The last two issues will influence the type of swing set base you use as you have to be careful not to damage the leach or septic fields. This can happen if you block oxygen intake the fields need or if you damage any pipes when you dig to level the area.

Also, before you assemble, you should get the field inspected to make sure you pick the right spot in your yard for the swing set. Other than being careful, there is no problem in assembling a swing set over a septic or leach field.

Another factor is that about every 2 decades the septic field has to be moved. If it hasn’t been moved for while, you can move it and then set up your swing set without issues.

How Do I Keep My Swing Set From Sinking


This can be a situation you need to avoid. As children play and more weight is put on the swing set, it is possible that it will sink and become a risk to tipping or not operate correctly.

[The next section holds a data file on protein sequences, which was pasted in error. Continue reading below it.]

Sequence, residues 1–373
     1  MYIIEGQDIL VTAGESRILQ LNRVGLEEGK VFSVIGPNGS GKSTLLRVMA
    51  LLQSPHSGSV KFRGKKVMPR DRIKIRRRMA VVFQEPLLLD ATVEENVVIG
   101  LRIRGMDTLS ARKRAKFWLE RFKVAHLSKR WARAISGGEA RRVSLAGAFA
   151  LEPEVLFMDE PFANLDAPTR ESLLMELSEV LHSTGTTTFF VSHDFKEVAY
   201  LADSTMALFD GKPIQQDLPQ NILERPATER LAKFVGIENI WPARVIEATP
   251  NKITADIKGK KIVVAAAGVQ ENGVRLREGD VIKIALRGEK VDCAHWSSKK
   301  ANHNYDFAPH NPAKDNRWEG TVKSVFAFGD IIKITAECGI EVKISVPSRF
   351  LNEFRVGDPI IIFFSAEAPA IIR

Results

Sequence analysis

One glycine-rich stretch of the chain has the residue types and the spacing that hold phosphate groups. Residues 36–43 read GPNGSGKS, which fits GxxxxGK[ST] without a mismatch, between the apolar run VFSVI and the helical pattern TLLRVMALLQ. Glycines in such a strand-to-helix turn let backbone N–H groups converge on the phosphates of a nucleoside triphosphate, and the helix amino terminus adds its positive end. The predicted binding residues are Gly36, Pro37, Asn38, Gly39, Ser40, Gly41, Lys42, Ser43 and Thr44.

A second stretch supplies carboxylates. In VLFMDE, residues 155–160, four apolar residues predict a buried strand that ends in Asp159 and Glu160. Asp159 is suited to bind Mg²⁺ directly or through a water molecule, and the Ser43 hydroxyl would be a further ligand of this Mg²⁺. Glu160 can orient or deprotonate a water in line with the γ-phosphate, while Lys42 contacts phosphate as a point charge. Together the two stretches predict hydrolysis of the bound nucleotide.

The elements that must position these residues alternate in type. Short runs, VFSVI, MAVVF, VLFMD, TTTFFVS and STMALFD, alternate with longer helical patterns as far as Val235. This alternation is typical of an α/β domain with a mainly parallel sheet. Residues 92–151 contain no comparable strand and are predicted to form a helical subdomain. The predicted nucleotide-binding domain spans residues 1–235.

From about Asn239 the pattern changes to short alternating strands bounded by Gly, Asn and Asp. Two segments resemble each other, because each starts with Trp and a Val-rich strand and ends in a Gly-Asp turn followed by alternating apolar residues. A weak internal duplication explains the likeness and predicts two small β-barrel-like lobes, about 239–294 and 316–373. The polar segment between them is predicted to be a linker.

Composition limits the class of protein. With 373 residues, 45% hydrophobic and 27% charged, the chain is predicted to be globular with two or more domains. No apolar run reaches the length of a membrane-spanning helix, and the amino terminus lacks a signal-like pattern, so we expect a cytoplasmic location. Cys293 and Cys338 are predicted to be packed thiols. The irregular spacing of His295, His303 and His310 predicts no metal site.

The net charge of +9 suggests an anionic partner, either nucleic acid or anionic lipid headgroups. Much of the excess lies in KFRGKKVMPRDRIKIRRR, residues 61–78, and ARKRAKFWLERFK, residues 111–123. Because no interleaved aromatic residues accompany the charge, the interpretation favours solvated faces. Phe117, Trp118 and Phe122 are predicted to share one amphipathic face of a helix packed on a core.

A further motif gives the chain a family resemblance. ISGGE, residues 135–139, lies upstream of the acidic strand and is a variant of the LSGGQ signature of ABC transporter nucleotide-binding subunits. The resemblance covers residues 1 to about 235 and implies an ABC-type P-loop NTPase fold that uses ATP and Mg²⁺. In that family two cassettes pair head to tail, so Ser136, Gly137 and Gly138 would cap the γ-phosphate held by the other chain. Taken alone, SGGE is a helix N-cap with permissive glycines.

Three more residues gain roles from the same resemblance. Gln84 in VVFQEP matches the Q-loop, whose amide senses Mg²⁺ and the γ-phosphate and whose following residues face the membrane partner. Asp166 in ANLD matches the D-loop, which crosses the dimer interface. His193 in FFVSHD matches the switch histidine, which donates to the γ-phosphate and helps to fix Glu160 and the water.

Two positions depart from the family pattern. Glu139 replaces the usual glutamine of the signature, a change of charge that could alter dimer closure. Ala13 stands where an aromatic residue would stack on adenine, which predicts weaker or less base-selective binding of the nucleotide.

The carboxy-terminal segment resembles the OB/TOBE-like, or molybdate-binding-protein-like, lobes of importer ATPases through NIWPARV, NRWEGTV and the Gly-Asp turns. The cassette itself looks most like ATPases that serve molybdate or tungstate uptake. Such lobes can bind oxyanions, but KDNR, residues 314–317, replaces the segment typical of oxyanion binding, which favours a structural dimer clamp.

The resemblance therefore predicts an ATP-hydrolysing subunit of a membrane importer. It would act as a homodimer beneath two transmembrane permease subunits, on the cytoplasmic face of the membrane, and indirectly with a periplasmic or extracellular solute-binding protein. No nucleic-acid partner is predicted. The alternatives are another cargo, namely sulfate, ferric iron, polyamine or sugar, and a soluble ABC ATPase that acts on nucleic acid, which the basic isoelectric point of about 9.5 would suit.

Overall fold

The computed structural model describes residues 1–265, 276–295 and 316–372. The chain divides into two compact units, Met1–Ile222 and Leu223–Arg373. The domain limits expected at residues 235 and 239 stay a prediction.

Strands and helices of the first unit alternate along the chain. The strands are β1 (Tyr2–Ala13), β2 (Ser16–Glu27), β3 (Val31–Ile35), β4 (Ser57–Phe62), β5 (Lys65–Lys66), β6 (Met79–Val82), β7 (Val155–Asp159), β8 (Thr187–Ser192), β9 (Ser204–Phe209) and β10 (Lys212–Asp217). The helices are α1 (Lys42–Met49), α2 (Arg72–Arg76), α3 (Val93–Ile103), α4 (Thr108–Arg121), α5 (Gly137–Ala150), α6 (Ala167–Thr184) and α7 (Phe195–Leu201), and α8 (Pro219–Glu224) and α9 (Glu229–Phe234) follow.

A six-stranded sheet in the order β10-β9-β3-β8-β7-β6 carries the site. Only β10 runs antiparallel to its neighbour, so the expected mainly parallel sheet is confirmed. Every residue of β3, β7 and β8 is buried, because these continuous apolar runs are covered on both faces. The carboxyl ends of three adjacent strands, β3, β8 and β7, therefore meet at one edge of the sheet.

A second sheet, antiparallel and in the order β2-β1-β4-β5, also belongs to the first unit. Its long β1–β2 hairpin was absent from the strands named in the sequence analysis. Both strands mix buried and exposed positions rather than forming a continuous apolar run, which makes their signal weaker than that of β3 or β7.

The key to the swing set sinking is that too much weight is centered on a spot that is too small to handle it. There are two basic ways to stop this from taking place. They are not hard or expensive solutions to use.

First, you buy a piece of lumber. The wider the better. You can use 2 x8s, 2 x 10s, or 2 x 12s. it doesn’t matter. Just cut the lumber size you have chosen into n less than 1 foot lengths and place them underneath each leg of the swing set. You can use more than one piece if you want.

Or you can go out and buy some pre-made concrete blocks or piers. These blocks have tapered tops and can handle a lot of weight. The goal of using either option is that you want to distribute the weight. Taking the weight off one small area should solve your sinking issue.

How To Make a Swing Set Base

You may be the type of person who likes working with your hands. And that is good. It gives you something constructive to work on and you feel good when you finished. You can make your own swing set base if yo are this type of person.

The steps are quite simple:

  1. Decide what type of base you want to build

  2. Measure out the area that will hold your swing set